New opportunities to use cash method of accounting

Your Guide to State, Local, Federal, Estate + International Taxation

cash method of accounting, tax reformIt’s time to start thinking about the most exciting time of year – tax time! As part of the modifications made by the Tax Cuts and Jobs Act of 2017 that generated so much news and discussion at the end of 2017, you may now be allowed to use the cash method of accounting for income tax purposes for taxable years beginning after December 31, 2017 under certain circumstances.

The cash method of accounting allows you to recognize income when cash is received and deduct expenses when the cash is paid. The cash method of accounting is generally easier to apply and provides the taxpayer greater flexibility in the timing of income recognition. Under prior law, a C Corporation, a Partnership that had a C Corporation as a partner, or a tax-exempt trust or corporation with unrelated business income generally was prohibited from using the cash method to the extent their average annual gross receipts exceeded $5 million for all prior years (including the prior taxable years of any predecessor of the entity). Certain exceptions apply for farming businesses and qualified personal service corporations that should be discussed with your tax advisor.

The TCJA expands the pool of taxpayers that may now use the cash method of accounting. Under this provision, the cash method of accounting may be used by taxpayers, other than tax shelters, that satisfy the gross receipts test, regardless of whether the purchase, production, or sale of merchandise is an income producing factor. The new gross receipts test allows taxpayers with annual gross receipts that do not exceed $25 million for the three-prior taxable-year period to use the cash method. The $25 million amount is indexed for inflation for taxable years beginning in 2018. The provision also allows certain taxpayers an exemption from the requirement to keep inventories. Specifically, taxpayers that meet the $25 million gross receipts test are not required to account for inventories, but instead, may use a method of accounting for inventories that either – treats inventories as non-incidental material and supplies, or conforms to the taxpayer’s financial accounting treatment of inventories.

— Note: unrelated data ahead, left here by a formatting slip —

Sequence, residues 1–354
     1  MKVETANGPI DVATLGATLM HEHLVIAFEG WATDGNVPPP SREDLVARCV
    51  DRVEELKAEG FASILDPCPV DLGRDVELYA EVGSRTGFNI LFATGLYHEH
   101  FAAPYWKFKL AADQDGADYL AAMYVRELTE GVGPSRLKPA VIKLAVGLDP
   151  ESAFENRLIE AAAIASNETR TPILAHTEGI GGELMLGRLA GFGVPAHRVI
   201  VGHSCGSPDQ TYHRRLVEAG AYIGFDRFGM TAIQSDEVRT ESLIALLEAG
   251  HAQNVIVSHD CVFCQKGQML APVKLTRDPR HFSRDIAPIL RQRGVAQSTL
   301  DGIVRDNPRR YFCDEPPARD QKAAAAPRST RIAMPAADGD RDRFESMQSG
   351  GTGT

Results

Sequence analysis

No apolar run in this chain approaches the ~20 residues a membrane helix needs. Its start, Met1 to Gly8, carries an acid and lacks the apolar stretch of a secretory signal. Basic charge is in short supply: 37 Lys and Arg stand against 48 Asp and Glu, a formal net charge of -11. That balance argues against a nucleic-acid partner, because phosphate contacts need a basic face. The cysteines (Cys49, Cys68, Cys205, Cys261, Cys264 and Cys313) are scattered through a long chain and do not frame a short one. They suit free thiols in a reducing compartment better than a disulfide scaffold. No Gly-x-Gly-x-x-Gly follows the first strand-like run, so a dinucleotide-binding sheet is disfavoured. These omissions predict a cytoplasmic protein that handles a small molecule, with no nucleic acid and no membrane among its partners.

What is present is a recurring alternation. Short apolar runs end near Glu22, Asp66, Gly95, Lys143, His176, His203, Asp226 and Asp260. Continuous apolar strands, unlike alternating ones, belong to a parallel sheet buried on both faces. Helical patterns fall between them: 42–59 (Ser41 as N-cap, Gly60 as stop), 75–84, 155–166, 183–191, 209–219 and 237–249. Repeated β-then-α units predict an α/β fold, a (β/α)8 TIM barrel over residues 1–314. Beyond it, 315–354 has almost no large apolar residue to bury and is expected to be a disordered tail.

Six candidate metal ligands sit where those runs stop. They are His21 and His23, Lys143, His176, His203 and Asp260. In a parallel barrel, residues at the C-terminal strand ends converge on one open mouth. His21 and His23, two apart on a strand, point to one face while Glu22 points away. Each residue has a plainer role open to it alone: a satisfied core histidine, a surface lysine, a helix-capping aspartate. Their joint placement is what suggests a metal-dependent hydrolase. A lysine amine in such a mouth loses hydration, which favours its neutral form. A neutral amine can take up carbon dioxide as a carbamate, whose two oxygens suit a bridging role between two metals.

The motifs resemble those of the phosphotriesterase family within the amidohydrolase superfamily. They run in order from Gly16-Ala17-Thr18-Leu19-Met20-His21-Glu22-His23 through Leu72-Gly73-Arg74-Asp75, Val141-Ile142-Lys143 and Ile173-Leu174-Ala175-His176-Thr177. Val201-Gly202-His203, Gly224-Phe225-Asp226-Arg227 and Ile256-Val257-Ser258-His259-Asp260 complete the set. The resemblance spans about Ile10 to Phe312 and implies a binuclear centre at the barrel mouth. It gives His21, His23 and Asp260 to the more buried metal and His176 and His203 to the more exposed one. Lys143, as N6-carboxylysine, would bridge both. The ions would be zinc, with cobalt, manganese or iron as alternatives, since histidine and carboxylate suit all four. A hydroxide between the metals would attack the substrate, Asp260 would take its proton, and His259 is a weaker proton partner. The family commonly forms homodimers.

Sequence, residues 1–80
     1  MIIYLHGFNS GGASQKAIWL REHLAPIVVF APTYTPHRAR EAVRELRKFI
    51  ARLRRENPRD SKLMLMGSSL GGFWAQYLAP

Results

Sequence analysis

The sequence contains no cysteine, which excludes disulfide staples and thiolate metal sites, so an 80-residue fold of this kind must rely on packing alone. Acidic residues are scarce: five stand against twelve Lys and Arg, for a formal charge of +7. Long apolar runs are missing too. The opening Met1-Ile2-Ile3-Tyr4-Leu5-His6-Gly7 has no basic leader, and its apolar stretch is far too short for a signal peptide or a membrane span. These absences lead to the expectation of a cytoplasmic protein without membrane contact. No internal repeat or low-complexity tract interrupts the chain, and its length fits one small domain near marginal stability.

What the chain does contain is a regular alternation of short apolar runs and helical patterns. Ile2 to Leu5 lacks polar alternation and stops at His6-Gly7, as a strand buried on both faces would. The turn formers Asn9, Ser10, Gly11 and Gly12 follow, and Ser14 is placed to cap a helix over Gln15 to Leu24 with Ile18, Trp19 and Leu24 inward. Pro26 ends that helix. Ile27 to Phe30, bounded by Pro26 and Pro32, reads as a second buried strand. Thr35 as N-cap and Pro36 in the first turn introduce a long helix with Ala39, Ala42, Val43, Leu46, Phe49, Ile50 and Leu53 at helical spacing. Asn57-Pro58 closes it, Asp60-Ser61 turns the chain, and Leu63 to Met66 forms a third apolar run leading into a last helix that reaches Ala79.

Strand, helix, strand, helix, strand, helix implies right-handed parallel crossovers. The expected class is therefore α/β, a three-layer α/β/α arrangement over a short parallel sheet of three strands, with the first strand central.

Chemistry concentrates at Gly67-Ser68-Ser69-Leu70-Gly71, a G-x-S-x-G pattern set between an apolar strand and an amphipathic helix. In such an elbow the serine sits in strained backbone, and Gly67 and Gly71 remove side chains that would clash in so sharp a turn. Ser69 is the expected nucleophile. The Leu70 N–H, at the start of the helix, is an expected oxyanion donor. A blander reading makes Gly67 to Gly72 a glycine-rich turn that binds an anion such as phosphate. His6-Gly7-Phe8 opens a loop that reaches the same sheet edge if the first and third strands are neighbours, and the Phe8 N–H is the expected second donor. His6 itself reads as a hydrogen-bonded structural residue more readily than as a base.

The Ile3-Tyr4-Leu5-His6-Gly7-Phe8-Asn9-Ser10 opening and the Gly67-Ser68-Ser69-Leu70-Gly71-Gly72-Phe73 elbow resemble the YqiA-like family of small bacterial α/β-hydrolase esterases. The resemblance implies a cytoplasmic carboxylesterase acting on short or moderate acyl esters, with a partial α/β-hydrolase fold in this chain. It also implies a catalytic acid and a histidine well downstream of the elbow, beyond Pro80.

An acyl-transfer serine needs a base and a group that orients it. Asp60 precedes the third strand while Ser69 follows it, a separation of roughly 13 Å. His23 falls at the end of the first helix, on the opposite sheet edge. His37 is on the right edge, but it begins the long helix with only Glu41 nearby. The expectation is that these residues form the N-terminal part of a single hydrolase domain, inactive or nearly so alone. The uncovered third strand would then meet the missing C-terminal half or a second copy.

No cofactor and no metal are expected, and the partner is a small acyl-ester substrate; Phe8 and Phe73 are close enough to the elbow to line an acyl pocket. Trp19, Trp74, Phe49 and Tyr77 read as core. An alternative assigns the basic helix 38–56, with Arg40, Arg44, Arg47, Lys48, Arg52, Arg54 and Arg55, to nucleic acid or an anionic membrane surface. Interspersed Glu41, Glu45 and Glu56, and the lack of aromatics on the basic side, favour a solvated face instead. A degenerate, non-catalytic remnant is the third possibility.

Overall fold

The increase in the gross receipt threshold for cash basis tax reporting under the TCJA is a welcomed change for many taxpayers. It is important that you understand this new provision and consult with your tax advisors before taking steps to implement this change.

Ryan D. Gorman, CPA